Heavy is the head that wears the crown.
Hockey is undeniably a team sport. There is, however, one player more so than any other on the ice that can influence the outcome of a game on a given night, for good or bad: the goaltender.
The legacy of a goaltender, much like that of a quarterback, is measured by the number of championships he brings to his city. And much like a quarterback, until that time when a netminder leads his team to the Promised Land, his status as truly elite will remain a subject of debate.
For the entirety of his career, Henrik Lundqvist has been considered among the best at his craft, racking up All-Star nods and perennially earning Vezina nominations, all while rocking cover-model good looks, and sporting a regal sobriquet. Perhaps equally impressive, he has also somehow managed to avoid the slings and arrows that are typically directed at goalies after multiple abortive trips to the playoffs.
With the ousting of his top-seeded New York Rangers at the hands of their neighbours from the swamp, perhaps it is time to let the questioning begin. To be fair, Lundqvist is no Roman Cechmanek, nor does he have a glaring Dan Cloutier moment, however, he is an exceptional goaltender who seems unable to take his game to the next level come playoff time.
This is not to say his playoffs numbers are bad, but, as numbers often do, they make for an interesting illustration. For the sake of comparison, let’s look at Lundqvist’s numbers and those of some of his contemporaries with similar playoff experience.
We will compare win percentage, and whether or not the goalies in question see their numbers improve in the playoffs vis-a-vis their regular season performance—in other words, do they "raise their game?"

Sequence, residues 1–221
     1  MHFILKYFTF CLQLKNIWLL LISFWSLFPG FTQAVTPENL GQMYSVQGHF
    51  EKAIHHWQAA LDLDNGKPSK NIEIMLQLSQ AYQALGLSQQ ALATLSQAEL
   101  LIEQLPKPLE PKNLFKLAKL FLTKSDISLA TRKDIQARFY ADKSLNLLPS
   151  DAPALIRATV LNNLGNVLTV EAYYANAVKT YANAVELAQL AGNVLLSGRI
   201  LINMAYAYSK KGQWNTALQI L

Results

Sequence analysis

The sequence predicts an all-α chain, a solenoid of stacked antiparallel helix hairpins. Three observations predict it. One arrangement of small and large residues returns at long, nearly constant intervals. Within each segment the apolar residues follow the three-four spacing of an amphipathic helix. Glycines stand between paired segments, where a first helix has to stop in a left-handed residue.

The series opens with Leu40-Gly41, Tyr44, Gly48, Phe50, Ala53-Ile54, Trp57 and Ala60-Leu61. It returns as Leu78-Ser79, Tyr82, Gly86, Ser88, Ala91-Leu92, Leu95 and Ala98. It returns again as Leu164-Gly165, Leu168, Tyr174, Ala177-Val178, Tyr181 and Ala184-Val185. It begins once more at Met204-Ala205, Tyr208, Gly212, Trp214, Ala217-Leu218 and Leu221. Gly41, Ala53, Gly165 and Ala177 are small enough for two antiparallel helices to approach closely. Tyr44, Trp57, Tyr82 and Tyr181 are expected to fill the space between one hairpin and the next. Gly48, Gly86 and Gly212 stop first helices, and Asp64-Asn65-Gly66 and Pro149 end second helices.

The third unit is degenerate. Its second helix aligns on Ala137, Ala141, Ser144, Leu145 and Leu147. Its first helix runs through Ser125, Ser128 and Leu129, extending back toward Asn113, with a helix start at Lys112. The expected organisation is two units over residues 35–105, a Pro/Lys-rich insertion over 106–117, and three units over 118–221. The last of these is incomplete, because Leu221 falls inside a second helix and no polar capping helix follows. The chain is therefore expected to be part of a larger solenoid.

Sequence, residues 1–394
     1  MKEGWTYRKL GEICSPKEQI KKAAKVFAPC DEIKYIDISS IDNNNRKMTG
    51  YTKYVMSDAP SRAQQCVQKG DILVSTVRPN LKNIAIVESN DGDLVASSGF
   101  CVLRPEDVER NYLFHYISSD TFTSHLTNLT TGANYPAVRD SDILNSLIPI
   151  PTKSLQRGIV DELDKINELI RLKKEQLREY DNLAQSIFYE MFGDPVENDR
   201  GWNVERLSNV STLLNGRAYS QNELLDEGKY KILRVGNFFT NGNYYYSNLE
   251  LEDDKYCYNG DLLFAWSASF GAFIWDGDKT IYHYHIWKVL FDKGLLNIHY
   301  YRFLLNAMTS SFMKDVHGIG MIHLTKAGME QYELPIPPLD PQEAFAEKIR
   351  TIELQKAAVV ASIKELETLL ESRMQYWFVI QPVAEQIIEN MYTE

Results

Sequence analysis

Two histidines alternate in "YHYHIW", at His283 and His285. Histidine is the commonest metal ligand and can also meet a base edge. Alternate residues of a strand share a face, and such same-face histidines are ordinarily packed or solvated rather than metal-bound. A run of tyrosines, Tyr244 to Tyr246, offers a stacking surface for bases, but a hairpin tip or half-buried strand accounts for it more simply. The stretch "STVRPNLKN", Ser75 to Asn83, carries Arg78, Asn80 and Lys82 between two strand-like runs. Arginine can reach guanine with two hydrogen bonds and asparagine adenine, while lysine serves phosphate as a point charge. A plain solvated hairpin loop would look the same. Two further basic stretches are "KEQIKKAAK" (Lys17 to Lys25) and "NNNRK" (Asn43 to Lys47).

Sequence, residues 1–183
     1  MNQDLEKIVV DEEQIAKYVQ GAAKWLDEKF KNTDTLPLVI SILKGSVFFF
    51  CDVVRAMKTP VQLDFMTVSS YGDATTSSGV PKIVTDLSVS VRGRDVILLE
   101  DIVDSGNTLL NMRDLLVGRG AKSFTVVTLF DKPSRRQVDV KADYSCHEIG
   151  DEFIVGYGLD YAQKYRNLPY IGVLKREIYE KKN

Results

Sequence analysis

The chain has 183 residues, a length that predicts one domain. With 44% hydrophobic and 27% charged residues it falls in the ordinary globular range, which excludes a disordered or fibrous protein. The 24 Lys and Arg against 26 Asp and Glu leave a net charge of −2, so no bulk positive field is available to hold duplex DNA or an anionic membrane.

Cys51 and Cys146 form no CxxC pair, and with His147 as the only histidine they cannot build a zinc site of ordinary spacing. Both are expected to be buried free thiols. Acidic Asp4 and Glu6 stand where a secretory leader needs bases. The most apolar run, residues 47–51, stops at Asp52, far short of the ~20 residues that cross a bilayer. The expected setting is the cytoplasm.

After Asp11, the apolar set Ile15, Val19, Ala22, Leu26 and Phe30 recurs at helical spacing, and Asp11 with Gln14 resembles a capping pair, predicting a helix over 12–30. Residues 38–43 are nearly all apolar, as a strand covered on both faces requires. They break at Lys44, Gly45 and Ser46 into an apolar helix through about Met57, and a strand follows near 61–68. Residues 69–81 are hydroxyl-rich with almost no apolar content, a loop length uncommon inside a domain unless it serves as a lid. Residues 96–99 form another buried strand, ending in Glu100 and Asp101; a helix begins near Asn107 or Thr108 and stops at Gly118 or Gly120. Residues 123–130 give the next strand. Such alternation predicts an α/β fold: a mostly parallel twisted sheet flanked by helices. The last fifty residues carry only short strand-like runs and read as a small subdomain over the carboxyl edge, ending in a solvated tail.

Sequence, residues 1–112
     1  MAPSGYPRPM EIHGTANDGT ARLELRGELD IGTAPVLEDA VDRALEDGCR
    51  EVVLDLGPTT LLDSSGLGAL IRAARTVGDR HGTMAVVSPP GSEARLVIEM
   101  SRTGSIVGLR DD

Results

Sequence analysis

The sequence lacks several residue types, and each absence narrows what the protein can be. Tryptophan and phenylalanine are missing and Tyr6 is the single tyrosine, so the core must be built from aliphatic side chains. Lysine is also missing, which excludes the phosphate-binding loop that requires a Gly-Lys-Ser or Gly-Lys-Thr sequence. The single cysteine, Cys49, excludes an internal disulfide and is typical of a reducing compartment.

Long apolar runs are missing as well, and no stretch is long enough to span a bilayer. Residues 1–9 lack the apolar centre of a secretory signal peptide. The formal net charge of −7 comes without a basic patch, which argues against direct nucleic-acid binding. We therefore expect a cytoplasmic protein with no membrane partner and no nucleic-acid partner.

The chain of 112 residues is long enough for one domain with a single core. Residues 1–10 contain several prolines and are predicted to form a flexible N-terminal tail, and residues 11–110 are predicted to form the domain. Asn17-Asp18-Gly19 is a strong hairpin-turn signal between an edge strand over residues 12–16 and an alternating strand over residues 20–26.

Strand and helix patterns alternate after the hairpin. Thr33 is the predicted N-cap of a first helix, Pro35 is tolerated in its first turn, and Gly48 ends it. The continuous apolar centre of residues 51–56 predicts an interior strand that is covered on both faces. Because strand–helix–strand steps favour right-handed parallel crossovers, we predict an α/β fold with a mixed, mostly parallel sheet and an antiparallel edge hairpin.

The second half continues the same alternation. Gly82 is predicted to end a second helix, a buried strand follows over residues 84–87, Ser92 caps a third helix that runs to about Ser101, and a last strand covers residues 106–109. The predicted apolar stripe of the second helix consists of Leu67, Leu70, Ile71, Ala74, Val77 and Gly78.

Is Henrik Lundqvist an elite playoff performer?
Playoffs Win % +/- SV% +/- GAA
H. Lundqvist .456 - .003 +.04
R. Luongo .525 - .003 +.01
P. Lalime .512 + .021 - .81
E. Nabakov .513 + .001 - .11
R. Miller .531 + .002 - .10
And just for fun, let’s look at a couple of recent legends …
M. Brodeur .588 + .006 - .22
E. Belfour .547 + .014 - .33
P. Roy .611 + .008 - .24
C. Joseph .473 +.011 - .37
Ed Belfour and Curtis Joseph make nice comparisons.
Belfour, before winning his Cup with Dallas in ’99, was regarded as an exceptional goaltender during his previous 10 seasons in the NHL, but questions remained about his ability to "get it done" in the second season - until he won.
Joseph, the winningest goalie in NHL history without a Cup to his credit, was often given a pass due to his playing on some substandard squads, but nonetheless guided them (particularly the Edmonton Oilers and Toronto Maple Leafs) deeper than their skill level suggested they should go.
At this point in his career, Lundqvist’s resume resembles a rich man’s Joseph, which is no small compliment, but nevertheless speaks to a degree of playoff futility. This is not to say that someday Lunqvist won’t find his name etched on Lord Stanley’s Cup, but it certainly seems like a rare and golden opportunity has just slipped away.
We often hear that the regular season means nothing. If we are inclined to agree, then a regular season 1.97 goals against average and a .920 save percentage—while impressive and certainly Vezina-worthy—means squat.
Numbers, as they say, don’t lie, but they sure can be cruel. They can create expectations, and if we believe that the best performers elevate their game in the playoffs, then the numbers "King Henrik" put up against the New Jersey Devils (2.64 and .905) certainly wilt under the scrutiny of those expectations.
Taken as a whole, Lundqvist’s numbers this postseason are very impressive, and he is certainly not the sole reason the Rangers bowed out to the Devils. However, the annals of NHL history are filled with storied Cup runs where lesser goalies have taken lesser teams further.
In many ways, Lundqvist’s career is a lot like a four-star Chinese buffet—lots of promise, and lots of MSG, but in the end, it always seems to leave you wanting more.